The following excerpt is the end of the Very Rev. John Breck’s current “Life in Christ” column:
Very early on the day following the Sabbath, Mary Magdalene and other women returned to the tomb, bearing spices in order to prepare the body according to Jewish practice. They carried with them myrrh, a fitting fulfillment of the prophetic gesture made by the Magi at Jesus’ birth. Surprised that the stone at the mouth of the tomb had been rolled away, they entered, only to find the empty shroud and the “young man,” the angelic witness. “He is risen,” the young man announced, “He is not here.”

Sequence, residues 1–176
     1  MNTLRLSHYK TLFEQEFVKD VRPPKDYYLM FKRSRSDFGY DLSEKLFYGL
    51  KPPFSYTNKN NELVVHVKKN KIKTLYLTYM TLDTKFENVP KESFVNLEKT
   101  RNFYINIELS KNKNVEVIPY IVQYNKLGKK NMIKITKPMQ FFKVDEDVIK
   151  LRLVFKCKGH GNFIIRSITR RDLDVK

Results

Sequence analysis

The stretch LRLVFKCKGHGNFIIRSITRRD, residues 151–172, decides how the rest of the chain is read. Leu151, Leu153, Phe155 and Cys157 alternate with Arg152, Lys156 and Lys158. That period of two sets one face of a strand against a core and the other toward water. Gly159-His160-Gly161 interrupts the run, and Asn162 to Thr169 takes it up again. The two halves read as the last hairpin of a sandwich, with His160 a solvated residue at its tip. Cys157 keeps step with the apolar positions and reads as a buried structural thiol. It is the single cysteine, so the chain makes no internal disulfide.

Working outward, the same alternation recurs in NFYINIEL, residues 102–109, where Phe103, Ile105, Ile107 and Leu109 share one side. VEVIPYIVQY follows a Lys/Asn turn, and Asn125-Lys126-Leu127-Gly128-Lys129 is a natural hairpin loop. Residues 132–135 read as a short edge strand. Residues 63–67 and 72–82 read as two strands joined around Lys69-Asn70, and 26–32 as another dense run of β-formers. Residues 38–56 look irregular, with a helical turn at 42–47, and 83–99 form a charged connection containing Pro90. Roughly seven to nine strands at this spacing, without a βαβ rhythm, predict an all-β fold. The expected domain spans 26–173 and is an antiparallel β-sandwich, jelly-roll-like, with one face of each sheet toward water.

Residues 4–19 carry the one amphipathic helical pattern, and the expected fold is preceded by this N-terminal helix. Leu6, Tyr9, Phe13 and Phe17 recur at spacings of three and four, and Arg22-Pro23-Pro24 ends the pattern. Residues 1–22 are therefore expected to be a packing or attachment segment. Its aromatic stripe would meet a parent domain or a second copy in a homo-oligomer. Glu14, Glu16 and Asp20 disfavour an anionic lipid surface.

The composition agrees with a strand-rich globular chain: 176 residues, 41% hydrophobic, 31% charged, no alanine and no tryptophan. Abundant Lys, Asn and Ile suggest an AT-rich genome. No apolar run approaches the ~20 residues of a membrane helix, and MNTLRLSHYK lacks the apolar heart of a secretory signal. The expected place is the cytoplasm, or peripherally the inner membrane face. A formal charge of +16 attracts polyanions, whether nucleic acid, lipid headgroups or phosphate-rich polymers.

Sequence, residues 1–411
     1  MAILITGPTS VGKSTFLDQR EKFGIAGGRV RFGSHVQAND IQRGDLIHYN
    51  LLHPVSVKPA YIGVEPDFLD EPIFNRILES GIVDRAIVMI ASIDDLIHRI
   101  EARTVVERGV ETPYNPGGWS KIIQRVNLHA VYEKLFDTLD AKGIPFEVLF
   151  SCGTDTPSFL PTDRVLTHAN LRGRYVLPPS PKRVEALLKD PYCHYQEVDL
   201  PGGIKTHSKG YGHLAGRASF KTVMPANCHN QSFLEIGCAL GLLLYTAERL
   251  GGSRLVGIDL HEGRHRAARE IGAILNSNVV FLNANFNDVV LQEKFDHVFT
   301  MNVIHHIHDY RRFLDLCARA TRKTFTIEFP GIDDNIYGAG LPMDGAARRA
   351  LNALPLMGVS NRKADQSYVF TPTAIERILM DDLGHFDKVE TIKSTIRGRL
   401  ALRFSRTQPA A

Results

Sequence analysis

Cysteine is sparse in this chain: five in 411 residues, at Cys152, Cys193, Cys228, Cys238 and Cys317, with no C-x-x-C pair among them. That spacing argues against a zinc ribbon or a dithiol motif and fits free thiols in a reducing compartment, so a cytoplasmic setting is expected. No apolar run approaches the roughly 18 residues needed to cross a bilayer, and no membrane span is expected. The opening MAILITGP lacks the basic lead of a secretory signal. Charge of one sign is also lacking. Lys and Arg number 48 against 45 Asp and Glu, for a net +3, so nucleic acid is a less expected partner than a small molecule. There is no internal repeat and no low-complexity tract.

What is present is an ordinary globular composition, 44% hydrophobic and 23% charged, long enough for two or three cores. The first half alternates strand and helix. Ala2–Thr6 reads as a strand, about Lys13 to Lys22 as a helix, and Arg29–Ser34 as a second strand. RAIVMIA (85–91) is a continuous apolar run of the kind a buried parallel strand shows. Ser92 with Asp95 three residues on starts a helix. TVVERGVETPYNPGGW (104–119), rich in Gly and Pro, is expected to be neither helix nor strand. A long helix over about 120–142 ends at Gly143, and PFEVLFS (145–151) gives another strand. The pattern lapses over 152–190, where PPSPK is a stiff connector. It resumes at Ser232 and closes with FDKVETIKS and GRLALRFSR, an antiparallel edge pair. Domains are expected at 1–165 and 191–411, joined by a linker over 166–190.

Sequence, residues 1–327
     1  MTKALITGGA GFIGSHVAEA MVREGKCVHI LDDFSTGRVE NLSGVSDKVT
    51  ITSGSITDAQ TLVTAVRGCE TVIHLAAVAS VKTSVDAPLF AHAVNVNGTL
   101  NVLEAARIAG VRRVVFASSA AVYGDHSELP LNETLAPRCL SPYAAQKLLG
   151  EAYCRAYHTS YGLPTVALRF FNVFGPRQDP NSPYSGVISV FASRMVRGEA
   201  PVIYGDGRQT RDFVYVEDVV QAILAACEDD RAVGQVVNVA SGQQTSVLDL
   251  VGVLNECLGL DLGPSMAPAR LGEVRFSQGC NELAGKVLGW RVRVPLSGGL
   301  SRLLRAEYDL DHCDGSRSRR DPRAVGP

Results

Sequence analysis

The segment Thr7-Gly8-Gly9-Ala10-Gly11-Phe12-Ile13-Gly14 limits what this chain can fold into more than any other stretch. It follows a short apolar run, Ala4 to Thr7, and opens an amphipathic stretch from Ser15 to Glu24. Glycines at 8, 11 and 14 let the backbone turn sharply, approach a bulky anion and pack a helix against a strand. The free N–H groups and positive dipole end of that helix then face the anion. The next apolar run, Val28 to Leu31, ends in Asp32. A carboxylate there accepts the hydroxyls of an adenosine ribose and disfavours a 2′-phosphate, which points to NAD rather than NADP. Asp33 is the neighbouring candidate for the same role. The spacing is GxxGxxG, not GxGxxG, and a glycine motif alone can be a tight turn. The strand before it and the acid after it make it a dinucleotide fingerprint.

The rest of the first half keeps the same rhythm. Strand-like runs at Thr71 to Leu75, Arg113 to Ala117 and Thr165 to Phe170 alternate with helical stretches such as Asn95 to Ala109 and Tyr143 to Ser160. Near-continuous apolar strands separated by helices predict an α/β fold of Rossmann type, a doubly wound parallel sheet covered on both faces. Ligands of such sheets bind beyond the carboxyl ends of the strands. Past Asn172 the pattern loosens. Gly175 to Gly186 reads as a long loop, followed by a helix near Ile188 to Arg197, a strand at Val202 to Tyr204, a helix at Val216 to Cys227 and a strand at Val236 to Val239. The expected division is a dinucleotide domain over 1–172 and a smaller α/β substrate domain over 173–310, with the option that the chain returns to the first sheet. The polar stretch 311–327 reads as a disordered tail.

Can angels be mistaken? If there is one truth that stands out above every other in the gospel message, it is this: that in the darkness of that tomb, and of every tomb, Christ the Giver of Life is present. “You seek Jesus of Nazareth,” the angel declared. Then he added the qualification so often obscured by our translations: “the Crucified One. He is not here….” Crucified and risen; risen yet forever crucified, bearing in his body the condemnation and death of all those who, like the women, remain faithful to him and seek his face, his abiding presence.
As the Risen One, we declare with the angel, Jesus was “not there.” As the Crucified One, however, he is and remains in the darkness of the tomb, in the abyss of Sheol, reaching out his hands to seize, to embrace, and to raise up with himself both the living and the dead. Although risen and glorified, Jesus is nonetheless present in that tomb. And he will remain there, so long as we are there ourselves.